MQG Riley Blake Fabric Challenge 2015 – My Quilt

The Modern Quilt Guild, of which I am a member, has been holding fabric challenges which I have been participating in for a couple of years.   This year the Spring Challenge was to use Riley Blake Cottage Garden Fabrics by Amanda Herring.  All you had to do was make something fantastic that is quilted, something you’ve never done before, challenge yourself to learn something new, and use the provided fat eighths of fabric and coordinating Riley Blake Solids.   I completely forgot about it until I got a reminder note from The Modern Quilt Guild saying we had 11 days left to make something.  Yikes!  I have been sewing for the past six days straight!

I participated in the last Riley Blake Challenge too.  I made this super awesome duffle bag with quilt as you go techniques.  I use it all the time.

rbchallenge2015-sThese were the fabrics that we received.  Lovely prints in aqua and grey, even included a text print.

I had actually been thinking about some kind of pattern to include the birds and trees.  When I laid out the fabrics, my idea just came together.  It needed a little color so I tried to find fabric to match and ended up with the yellow and the red which sort of matched the birds legs.  I purchased some extra solids in aqua and grey as well.  The left side you can see in the picture, I just stacked most of the fabrics and added the pops of color.  Not seen in this picture, the entire right side was a big strip of an aqua solid.  I placed the grey solid over the whole thing and sketched a tree shape with a water soluble marker.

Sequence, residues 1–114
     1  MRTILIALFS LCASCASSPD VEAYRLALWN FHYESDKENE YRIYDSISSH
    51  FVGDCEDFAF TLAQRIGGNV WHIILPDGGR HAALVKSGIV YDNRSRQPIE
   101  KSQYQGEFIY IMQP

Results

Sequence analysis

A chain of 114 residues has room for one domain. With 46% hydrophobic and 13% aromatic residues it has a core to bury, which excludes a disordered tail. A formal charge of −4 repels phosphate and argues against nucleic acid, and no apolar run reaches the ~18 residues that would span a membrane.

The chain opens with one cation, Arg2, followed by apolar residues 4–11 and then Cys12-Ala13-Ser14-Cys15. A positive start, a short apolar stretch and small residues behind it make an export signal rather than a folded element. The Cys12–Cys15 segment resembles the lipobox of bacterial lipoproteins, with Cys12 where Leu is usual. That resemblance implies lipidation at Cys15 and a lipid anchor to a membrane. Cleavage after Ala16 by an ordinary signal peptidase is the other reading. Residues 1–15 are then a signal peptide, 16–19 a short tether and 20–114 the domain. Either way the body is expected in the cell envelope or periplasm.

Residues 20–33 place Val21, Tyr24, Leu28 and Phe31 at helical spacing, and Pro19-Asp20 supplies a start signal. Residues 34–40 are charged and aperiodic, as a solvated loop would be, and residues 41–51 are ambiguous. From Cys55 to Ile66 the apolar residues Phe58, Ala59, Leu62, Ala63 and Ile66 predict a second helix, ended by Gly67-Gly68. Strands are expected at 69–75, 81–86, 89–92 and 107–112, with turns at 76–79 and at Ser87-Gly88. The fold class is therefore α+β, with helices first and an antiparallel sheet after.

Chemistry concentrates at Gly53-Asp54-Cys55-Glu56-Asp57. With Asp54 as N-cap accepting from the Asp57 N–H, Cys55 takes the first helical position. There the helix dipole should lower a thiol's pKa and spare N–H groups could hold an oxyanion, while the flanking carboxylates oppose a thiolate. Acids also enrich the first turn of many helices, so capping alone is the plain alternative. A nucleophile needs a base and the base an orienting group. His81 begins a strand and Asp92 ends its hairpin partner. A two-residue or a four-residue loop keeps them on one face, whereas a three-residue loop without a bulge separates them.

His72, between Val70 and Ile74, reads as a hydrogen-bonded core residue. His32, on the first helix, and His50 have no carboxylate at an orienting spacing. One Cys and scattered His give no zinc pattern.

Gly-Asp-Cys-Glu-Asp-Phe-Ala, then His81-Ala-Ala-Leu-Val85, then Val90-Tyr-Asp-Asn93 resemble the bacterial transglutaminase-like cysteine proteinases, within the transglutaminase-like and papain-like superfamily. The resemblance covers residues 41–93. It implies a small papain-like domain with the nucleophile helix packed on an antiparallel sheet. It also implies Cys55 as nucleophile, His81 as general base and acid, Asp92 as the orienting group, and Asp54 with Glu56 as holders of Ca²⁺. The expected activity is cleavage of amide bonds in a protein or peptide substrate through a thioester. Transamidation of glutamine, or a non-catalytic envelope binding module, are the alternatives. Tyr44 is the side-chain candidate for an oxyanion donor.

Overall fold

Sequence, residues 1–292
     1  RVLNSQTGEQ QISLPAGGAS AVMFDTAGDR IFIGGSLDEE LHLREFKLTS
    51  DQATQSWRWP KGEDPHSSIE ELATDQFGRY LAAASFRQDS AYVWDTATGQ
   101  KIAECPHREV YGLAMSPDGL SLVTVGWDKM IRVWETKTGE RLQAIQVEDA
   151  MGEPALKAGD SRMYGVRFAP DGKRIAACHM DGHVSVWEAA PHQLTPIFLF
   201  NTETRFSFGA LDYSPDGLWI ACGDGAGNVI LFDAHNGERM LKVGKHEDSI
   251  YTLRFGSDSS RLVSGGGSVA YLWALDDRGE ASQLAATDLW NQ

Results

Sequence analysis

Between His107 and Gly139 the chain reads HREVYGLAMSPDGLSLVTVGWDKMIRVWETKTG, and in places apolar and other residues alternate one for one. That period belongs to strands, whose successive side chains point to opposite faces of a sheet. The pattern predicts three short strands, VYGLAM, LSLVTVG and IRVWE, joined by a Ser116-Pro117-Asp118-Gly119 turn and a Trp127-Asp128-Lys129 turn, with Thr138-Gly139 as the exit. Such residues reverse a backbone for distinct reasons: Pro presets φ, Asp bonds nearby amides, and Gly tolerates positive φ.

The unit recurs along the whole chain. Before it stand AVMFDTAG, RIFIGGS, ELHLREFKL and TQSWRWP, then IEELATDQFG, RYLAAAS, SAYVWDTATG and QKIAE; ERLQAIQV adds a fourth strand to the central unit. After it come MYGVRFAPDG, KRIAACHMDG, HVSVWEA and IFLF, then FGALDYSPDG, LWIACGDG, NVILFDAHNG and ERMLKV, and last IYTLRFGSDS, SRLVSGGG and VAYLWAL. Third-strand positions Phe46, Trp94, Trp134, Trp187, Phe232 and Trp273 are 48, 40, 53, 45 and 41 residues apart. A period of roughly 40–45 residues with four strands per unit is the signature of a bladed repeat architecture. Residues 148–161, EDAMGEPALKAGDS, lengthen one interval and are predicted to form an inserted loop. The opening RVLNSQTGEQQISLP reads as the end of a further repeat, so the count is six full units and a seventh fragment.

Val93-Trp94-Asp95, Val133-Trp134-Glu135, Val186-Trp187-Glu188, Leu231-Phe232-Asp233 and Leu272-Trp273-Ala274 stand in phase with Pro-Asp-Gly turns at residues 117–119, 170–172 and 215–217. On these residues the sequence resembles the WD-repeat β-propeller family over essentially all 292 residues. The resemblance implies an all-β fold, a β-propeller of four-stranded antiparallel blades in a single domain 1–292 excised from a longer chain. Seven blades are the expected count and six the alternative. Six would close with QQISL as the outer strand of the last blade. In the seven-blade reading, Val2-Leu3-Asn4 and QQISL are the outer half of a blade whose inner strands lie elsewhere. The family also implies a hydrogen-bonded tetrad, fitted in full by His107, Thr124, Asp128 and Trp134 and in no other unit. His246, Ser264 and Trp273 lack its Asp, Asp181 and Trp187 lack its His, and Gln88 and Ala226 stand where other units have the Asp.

Then I basted by hand, (Yes, just like my Grandma Mabel would have done!), I basted using a running stitch over every line of the tree.  Once I had it all basted, I cut away the fabric leaving a 1/4 of an inch to turn under.

Here is a picture a little more close up so you can see it better.  I did not worry too much if the 1/4 inch was perfect, the tree would just look more natural.

Then I hand appliqued that entire tree to the pieced top.  I also added some leaves in a darker grey and a little bird.  I used one of the gray flowers for his body.

I handquilted using big stitches on the tree branches and the leaves.  I also embroidered some yellow legs and a beak on my little red bird.  Here, I am getting ready to machine quilt the other parts of the quilt.  I just used a random swirl pattern around the tree on the right side of the quilt.

I just got going well with my machine quilting when the Quilt Inspector arrived.  How does he know every time that I am quilting??  He usually does not show up when I am piecing, only quilting.  Apparently this quilt passed the inspection, HA.  Love you, Cookie Cat.